# How did Euclid prove Euclid's Lemma

In Elements, Book VII, Proposition 7, Euclid states: If a number is that part of a number which a subtracted number is of a subtracted number, then the remainder is also the same part of the remainder that the whole is of the whole. He then gives a proof, but the proof isn't clear to me.

The modern version of Euclid's Lemma states that if p is prime and p|ab then either p|a or p|b, or both. I am familiar with the proof by Bezout's Identity, but Euclid didn't know Bezout's Identity.

I am looking for a simple, clear proof of the modern form of Euclid's Lemma, but stated in a way that uses the same concepts as Euclid did. Does anyone have such a proof?

• The guide section in the link you give seems to imply you have the modern statement wrong. (of course it's true, but it's not what he meant) – Ben Millwood Sep 18 '12 at 13:36
• I don't know what he used, but this trivially follows from unique factorization of integers which, according to Wikipedia, he knew. – Karolis Juodelė Sep 18 '12 at 13:37
• @KarolisJuodelė: it's often used to prove unique factorisation of integers, though. – Ben Millwood Sep 18 '12 at 13:37
• @KarolisJuodelė: Yes, as BenMillwood suggests, I want to use Euclid's Lemma to prove the Fundamental Theorem of Arithmetic, not the other way around. – user448810 Sep 18 '12 at 13:44
• Euclid's proof is based on proportions of numbers. Reinterpreted in modern language, using fractions, it is essentially equivalent to unique fractionization, e.g. see here and here. If you wish to understand these matters conceptually, then Euclid is not the place to look. If, instead, you wish to understand the history, then the required background is much too long for an MSE answer - there are many subtleties. See some of Franz Lemmermeyer's expositions for an introduction. – Bill Dubuque Sep 18 '12 at 14:08

I think this is the proof of Euclid's Lemma, and then I go on to prove the Fundamental Theorem of Arithmetic, which is what I first set out to do. The first paragraph proves Euclid's Lemma, the second paragraph proves that all positive integers greater than 1 can be factored into primes, and the third paragraph proves that the factorization is unique, which is the Fundamental Theorem of Arithmetic:

Suppose that a ratio a:b reduces to c:d in lowest terms, assume that c does not divide a, and assume that c(m/n) = a. Since a:b is the same ration as c:d, then d(m/n) = b, which implies that c/m = (1/n)a and d/m = (1/n)b. Therefore c/m:d/m is the same ratio as a:b, which shows that c:d is not in lowest terms. But that contradicts the earlier assumption. Therefore c does divide a, and d divides b the same number of times.

Suppose that a prime p divides the product ab but that p does not divide a, so that p is relatively prime to a. Let n = ab/p; this must be an integer because p|ab. Then p/a = b/n, and p/a must be in lowest terms, because p is relatively prime to a. Thus, by the previous paragraph, there must be some x for which px=b and ax=n, because the two ratios are the same, and therefore p|b. Likewise, if we suppose that p does not divide b, then p|a. Thus, if p is prime and p|ab, then either p|a or p|b.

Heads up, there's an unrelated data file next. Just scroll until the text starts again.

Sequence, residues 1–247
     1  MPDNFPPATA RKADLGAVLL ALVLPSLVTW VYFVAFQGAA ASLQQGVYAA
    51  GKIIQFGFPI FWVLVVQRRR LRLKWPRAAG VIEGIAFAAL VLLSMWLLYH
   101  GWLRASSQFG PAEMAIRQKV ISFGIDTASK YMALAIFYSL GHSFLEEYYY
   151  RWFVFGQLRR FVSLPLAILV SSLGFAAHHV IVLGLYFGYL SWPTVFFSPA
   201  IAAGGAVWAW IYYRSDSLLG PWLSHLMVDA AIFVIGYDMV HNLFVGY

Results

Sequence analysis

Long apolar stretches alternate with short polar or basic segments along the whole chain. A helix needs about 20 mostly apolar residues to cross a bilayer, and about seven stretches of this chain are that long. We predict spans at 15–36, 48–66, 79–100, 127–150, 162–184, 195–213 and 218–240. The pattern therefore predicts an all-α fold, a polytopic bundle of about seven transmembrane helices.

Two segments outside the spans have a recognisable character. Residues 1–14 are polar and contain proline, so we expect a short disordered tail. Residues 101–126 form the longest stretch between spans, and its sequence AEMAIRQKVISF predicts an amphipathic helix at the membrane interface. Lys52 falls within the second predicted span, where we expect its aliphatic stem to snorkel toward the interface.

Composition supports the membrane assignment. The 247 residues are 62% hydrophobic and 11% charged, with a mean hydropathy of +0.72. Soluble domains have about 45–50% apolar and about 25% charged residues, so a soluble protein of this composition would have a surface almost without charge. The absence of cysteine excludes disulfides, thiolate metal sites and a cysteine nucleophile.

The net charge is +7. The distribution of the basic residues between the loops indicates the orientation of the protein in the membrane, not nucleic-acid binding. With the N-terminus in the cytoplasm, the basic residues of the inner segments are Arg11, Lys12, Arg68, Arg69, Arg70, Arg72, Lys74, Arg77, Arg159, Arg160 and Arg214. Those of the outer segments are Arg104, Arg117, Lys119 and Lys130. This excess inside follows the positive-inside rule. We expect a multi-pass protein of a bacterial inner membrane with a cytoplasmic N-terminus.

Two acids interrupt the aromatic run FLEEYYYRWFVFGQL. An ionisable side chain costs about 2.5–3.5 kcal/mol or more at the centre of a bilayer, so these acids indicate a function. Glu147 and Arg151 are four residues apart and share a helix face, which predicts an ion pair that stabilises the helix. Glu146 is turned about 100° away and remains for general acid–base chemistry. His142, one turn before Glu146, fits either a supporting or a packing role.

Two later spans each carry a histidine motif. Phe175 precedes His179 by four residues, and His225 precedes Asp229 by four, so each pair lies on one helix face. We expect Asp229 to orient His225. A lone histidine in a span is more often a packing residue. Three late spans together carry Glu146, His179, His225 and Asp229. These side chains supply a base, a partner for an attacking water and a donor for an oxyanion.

Suppose that n is the smallest positive integer greater than 1 that cannot be writen as the product of primes. Now n cannot be prime because such a number is the product of a single prime, itself. Thus the composite is n = ab, where both a and b are positive integers less than n. Since n is the smallest number that cannot be written as the product of primes, both a and b must be able to be written as the product of primes. But then n = ab can be written as the product of primes simply by combining the factorizations of a and b. But that contradicts our supposition. Therefore, all positive integers greater than 1 can be written as the product of primes.

Furthermore, that factorization is unique, ignoring the order in which the primes are written. Now suppose that s is the smallest positive integer greater than 1 that can be written as two different products of prime numbers, so that s = p1 * p2 * ... * pm = q1 * q2 * ... * qn. By Euclid's Lemma either p1 divides q1 or p1 divides q2 * ... * qn. Therefore p1 = qk for some k. But removing p1 and qk from the initial equivalence leaves a smaller integer that can be factored in two ways, contradicting the initial supposition. Thus there can be no such s, and all integers greater than 1 have a unique factorization.

Please let me know if I got anything wrong.

EDIT: I added a first paragraph, and modified the second paragraph at the point "there must be some x". The new first paragraph is VII.20, the now-second paragraph is VII.30 (Euclid's Lemma), and the third and fourth paragraphs are the Fundamental Theorem of Arithmetic.

Now is it right?

• The proof is circular unless you supply a proof of "thus there must be some x...". That's what I refer to as unique fractionization. It is equivalent to Euclid's Lemma and Uniqueness of Prime Factorizations. For proofs and further discussion see the links in my comment to your question. – Bill Dubuque Sep 18 '12 at 16:21